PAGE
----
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PGPCL Seeks Pipeline Capacity Allocation Despite Govt’s Delay in Finalizing Rules

Pakistan Gas Port Limited (PGPCL) has sought the allocation of pipeline capacity for the transmission of 150 mmcfd of Re-gasified Liquefied Natural Gas (RLNG) on a three-month rolling basis, a national daily reported.

The move comes after Cabinet Committee on Energy (CCOE) had announced on 4 February 2021 that the existing available capacity in the pipeline will be allocated to any applicant meeting the requisite criteria for the three-month rolling basis until the new terminals achieve commercial operations date (CoD) in order to provide a fair and level playing field to the new LNG terminal.


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PGPL is one of the leading private players in the LNG sector and owns PGP Consortium Limited (PGPC). It has written a letter to the Oil and Gas Regulatory Authority (OGRA) seeking the pipeline capacity allocation while considering the latest decision taken by the CCOE.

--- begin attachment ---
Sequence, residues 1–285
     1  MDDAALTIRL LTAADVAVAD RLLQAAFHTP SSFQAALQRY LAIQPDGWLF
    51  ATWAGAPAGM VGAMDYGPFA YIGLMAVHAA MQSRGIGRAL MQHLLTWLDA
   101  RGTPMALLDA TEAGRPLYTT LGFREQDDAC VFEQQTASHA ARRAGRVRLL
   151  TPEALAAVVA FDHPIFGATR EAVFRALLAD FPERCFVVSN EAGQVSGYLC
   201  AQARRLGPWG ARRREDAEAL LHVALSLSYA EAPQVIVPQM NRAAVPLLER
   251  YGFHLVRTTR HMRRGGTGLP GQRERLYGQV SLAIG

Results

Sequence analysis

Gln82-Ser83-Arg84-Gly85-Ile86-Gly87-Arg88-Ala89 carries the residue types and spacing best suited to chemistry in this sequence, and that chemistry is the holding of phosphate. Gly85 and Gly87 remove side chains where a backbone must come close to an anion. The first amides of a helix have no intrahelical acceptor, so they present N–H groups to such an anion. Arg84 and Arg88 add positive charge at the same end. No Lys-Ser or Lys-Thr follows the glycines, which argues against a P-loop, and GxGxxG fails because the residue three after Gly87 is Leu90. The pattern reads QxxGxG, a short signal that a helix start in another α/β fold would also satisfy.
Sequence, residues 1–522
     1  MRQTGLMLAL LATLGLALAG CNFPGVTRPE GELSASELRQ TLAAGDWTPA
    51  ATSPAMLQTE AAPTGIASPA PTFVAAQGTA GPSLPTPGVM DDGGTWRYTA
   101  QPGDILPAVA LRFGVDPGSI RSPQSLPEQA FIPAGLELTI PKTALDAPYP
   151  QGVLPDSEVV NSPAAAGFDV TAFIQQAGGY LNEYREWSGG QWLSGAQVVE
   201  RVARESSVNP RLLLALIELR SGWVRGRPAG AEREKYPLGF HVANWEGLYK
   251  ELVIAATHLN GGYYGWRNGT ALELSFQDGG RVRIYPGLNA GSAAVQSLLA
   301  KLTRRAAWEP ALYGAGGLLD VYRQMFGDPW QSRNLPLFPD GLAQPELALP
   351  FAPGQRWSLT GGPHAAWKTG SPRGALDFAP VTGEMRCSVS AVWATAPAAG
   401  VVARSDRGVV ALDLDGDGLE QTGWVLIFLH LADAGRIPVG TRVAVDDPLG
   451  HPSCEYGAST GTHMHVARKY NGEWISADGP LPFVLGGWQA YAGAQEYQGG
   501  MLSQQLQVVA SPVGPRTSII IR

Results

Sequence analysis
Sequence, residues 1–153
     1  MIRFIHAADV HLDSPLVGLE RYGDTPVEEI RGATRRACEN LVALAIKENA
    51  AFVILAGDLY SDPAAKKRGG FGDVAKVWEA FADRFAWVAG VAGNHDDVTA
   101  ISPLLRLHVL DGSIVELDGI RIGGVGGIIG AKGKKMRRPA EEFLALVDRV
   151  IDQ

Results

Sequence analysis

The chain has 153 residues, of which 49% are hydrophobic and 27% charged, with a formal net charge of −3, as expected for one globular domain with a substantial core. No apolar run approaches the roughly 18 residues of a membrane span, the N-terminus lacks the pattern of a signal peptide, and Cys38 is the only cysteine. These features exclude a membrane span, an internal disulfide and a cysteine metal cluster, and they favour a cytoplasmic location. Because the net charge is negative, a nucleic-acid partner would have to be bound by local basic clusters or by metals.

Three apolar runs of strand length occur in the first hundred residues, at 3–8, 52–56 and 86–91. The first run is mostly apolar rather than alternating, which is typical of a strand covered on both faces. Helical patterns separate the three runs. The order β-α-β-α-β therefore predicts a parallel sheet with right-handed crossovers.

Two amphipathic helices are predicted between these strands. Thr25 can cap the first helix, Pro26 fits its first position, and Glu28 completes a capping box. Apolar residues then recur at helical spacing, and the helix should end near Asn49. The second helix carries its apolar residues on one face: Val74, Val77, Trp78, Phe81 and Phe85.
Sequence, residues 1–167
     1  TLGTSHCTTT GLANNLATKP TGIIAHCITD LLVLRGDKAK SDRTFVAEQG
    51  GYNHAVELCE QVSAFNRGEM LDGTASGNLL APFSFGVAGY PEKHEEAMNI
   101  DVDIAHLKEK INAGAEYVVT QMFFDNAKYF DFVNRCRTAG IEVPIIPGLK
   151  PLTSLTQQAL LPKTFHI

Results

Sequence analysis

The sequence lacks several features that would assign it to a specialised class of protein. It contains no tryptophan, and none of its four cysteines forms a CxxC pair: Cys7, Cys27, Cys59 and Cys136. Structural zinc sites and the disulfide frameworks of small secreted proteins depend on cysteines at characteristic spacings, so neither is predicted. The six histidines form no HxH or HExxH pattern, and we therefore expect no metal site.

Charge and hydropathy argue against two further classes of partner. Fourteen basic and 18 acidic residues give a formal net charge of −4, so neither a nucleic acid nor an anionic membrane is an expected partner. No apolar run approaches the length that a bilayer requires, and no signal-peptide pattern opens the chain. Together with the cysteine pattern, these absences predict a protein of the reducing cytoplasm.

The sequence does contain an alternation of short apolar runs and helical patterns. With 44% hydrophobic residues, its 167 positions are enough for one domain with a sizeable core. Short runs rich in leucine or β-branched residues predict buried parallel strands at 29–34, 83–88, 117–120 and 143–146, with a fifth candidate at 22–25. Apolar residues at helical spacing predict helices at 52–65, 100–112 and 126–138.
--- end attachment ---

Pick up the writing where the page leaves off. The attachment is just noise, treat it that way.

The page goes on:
According to the letter, PGPL has requested a pipeline allocation capacity of 150 mmcfd on three-month rolling and take-or-pay bases. The letter also detailed that the agreement will become operative on the 30th day after the Third-Party Access (TPA) Rules are finalized, and mentioned that the draft of the Inter-User Agreement (IUA) is to be approved by the government.

PGPL has also said in the letter that its LNG terminal has an additional capacity of 150 mmcfd after meeting its contractual obligation to Pakistan LNG Limited (PLL).

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Regarding this issue, the management of the PGPCL said that since it has an FSRU (floating storage re-gasification unit) and LNG terminal along with an excess capacity of 150 mmcfd, and that it believes that these are the prerequisites that need to be met, which is why the company has submitted an application to the OGRA for the allocation of pipeline capacity.

At the government’s end, both the details about these prerequisites and the Third Party Access (TPA) rules are yet to be finalized. The Inter-User Agreement (IUA) draft also remains to be finalized, and it is difficult for the private sector to play its role in supplying LNG to private consumers at competitive prices in the absence of the TPA rules and the IUA.

However, the PLL claims it has already floated the advertisement for the use of the idle terminal capacity by the private sector in accordance with the decision of the Economic Coordination Committee (ECC) and the Cabinet.

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